5 Things You Should Know About Crowdfunding for Startups

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May 29, 2012 at 12:00AM

Editor's Note: this article originally appeared on Social Driver's blog

With the passage of the JOBS Act, securities-backed crowdfunding for small companies has become a reality. A lot is not yet known about this new fundraising tool. Luckily, we have our good friends Sara Hanks and Brian Knight of CrowdCheck to help us through the thick of it.
 
Here are five big take aways:
 
1. Valuation
Your venture is worth a billion dollars, right? When your just starting off, you can pretty much presume that your company is worth whatever you think it should be worth. When crowdfunding though, you will have to go through a valuation process to prove to the crowd why you think you’re worth what you are worth. Are you using future revenues? Are you basing it on current cash flow? How did you get to that number? You will have to disclose it.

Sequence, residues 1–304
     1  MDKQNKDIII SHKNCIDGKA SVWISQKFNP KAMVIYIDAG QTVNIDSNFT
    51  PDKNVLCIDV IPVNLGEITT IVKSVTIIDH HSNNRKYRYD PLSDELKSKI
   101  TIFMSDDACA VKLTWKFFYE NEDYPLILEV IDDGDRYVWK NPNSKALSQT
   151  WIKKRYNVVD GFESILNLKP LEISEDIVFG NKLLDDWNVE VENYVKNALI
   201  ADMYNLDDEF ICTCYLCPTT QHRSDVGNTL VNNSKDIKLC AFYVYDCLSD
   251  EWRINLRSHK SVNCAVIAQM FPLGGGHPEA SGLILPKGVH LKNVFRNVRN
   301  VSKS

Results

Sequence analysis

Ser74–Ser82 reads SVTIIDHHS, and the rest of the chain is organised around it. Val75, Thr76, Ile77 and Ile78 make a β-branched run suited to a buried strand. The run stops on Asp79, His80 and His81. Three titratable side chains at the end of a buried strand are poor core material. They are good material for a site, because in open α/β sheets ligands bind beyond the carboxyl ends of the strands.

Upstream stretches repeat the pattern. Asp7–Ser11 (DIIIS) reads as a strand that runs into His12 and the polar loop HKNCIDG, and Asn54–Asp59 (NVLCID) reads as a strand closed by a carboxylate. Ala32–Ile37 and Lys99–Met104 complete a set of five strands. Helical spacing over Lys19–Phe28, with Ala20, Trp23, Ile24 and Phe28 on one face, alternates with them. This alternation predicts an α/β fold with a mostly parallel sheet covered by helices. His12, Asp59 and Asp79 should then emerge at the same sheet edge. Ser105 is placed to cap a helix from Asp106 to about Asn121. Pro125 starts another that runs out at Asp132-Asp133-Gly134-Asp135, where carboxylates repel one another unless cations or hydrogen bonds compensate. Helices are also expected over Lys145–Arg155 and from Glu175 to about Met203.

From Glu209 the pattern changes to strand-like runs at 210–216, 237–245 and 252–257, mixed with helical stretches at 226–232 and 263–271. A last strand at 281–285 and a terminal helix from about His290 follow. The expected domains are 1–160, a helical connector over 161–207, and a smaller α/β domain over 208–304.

2. Early Investors
You aunts and uncles are loaded and generous. That’s great! But, if you are someday planning to turn to VCs for big time funding, you’ll have to provide clear plans for how these early investors get to influence the business before bringing on the big guys.
 
3. Marketing
You can market your product, but you can not market your crowdfunding at all. If so, the SEC will be angry. That means no statements on your site asking for funds or directing people to a page. All marketing must go through a crowdfunding portal.
 
4. Portals
What is a portal? The new law provides the formation of online “portals” for crowdfunding, basically websites that will be online clearinghouses for investors and businesses to raise money. These portals don’t yet exist, but when they do, there will be a variety of options for investors and entrepreneurs alike.
 
5. Wait and See
When we say that a lot is still not yet known, we really mean it. Everyone is still waiting for the SEC to consider public comments and determine many of the open ended questions that crowdsourcing poses.
 
Crowdcheck gives business a tool to demonstrate that they are a bonafide business venture and a pathway for investers to avoid fraud. Watch Sara and Brian’s video below and be sure to check them out for any additional thoughts or questions.